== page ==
Sonny Stores, 47 Raleigh Rd, Southville, Bristol BS3 1QS

- Review -

Sonny Stores: I know a meal is good when a dish conjures up my dead Mum's approval

47 Raleigh Road in Southville is hallowed ground. Originally the site of the legendary Birch, the likes of which Bristol will never see again, it then became ‘Birch’ under new management. With the menu never changing and seemingly dictated by spreadsheets as opposed to seasons, I never ended up going because I was never enticed to in the first place. Today, Sonny Stores has people tearing out each other's eyes for a space inside and out. And beggars shall not be choosy.

Retaining all the subtle class of Birch Mk.1, natural light pours in against plain white walls, splashed across simple wooden tables and chairs. More importantly, it serves up plates that soothe the anathema of a day job.

Slices of golden farinata are almost immediately laid down in front of me, with the assumption that I need the time to peruse the menu. I do not. Being nimble enough in the thumbs to bag a table due to a cancellation that day, I’d already made up my mind. And it starts with their potato bread with hot honey and pancetta.

Hot honey. You’ve seen it. Everyone’s doing it. Once innovation becomes mainstream, it's simply a case of who does it best, rather than doing it at all. And lo, there was Sonny’s.

This utter roof tile of carbs two-ways is scaled with thin slices of potato and blackened on every corner, every edge and positively glistening with lacings of this hot honey. But it’s the scotch bonnets that have been steeping in this elixir that I cannot take my eye off of.

Practically glowing with heat, they resemble glacé cherries with that exact same hue of juicy, translucent red seen in every film that launches a nuke. The kind of button that, if locked in a room with it, having no idea what might happen if you did press it, you’d do it anyway. Planked with ribbons of thoroughly rendered pancetta, it’s something that sighs ‘brunch’ just to my tune. Evoking deeply rooted memories of thick American pancakes piled with gnarls of bacon and maple syrup, but when you substitute the pancakes for potato smilies, soda farls and hashbrowns- and slightly burn them all.

Likewise, the sweetbreads with courgette, capers and lemon have all been scorched. Whilst the char is great on the courgette along with all the acidity and salinity it’s anointed with, the sweetbreads don’t fare so well. A little firm, the charcoal bitterness bludgeons the dish beyond what this marriage of flavours can take.

The flipside of this, however, is the turbot carpaccio, fennel herb, purslane, lemon and Capezzana olive oil bursting with zest and the nose of cut grass with mellow aniseed. Quietly seasoned with toothsome Purslane, there’s an incredible array of flavours that are so harmonious, it speaks volumes of how fish is philosophised here.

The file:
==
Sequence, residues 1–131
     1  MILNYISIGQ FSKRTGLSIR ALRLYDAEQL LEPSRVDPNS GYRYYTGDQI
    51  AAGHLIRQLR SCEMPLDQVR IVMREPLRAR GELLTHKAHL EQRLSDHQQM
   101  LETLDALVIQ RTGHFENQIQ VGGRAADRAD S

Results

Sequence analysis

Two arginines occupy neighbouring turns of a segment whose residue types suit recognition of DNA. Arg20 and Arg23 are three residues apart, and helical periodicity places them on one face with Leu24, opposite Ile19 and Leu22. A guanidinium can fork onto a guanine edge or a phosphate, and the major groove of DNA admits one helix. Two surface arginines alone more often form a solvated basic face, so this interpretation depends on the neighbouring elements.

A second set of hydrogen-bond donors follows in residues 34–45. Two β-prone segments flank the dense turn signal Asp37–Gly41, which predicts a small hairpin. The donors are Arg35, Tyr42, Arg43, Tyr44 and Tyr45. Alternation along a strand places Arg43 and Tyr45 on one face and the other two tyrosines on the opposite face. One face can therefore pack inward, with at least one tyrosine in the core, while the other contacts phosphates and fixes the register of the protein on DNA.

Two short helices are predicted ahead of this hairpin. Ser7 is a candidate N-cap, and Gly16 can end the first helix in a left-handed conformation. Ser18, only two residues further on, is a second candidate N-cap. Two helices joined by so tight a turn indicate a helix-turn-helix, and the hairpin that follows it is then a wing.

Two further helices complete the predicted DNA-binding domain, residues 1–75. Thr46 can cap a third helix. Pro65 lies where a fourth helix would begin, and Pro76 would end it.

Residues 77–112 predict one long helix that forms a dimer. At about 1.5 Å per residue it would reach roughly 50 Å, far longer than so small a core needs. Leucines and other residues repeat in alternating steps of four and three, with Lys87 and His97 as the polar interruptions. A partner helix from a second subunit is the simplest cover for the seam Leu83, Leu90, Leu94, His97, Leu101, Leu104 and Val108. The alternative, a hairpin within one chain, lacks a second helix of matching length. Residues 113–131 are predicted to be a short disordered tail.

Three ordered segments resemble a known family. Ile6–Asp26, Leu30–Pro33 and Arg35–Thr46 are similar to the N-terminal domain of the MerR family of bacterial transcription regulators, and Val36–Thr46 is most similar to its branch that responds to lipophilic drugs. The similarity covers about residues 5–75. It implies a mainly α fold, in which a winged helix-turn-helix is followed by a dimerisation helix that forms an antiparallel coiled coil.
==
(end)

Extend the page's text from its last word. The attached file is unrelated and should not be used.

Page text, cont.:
Quail, green beans, roast datterini tomatoes, prosciutto, dijon. Sonny’s deftly strikes that balance of rustic and refinement; that welcome Trojan-horsing of expectation which has my hands drumming in my lap through pure anticipation.

This bird has been cooked with love. Tremblingly succulent and blushing, it’s served whole so that the honour of making a pig's ear of the carving, is all yours. Essentially spatchcocking it with my face, I’ve gone full-piranha and although I know it’s all around my chops, I couldn’t give a toss. Seasoned with the prosciutto, the fat melts away almost instantaneously with the heat of the Quail, the green beans delivering their sweet tender snap.

But the roast datterini tomatoes tie it all together- their mellow acidity dousing the plate with this intense seeded juice, backed up with the tingle of dijon. Sonny’s appears to insist on the kind of cookery that had me fawning over Bitch Mk.1 - deceptively simple, rife with technique and offered with affection. Sweetbreads notwithstanding.

Because it’s so bloody humid, no tart or even ice cream is going to cut it. The erudite Lucy who has picked the short straw and has ended up waiting on me, is of St. John’s fame and tells me that there is a dessert honouring her former workplace on the menu today. A strawberry granita served with a shot of frosty vodka. Contrary to most, booze in my dessert doesn’t tend to move me but given that I’m tacky to the touch in the sticky warmth, I throw-in with Lucy. And I’m glad I did.

‘I’d sip some vodka, a bite of granita first, then pour it over the rest over’. Lucy strikes again with excellent counsel.

One of my mum’s favourite things was fruit sorbet. We once stood in the Mall at Cribbs Causeway after she got a round of Häagen-Daz in from the stall, and told me you can always tell a good sorbet if it transports you to the field of the fruit when you close your eyes. With hers firmly closed as if accessing REM straight away, I followed suit only to reopen mine to see her still savouring the experience in earnest.

This is probably one of the most enduring memories I have of her; this dessert whisked me back in time, so fast I suddenly felt small in my adult clothes, up higher on the stool and alarmed that I now also wear Birkenstocks unironically, like she did. Capped off with the sparky chill of iced vodka, I am replete.

Sonny’s continues to be saturated in bookings and more power to them. I’ve banged on before about restaurants bobbing and weaving their way through these times with great aplomb, but heck, I mean it. Southville, thou art blessed once more.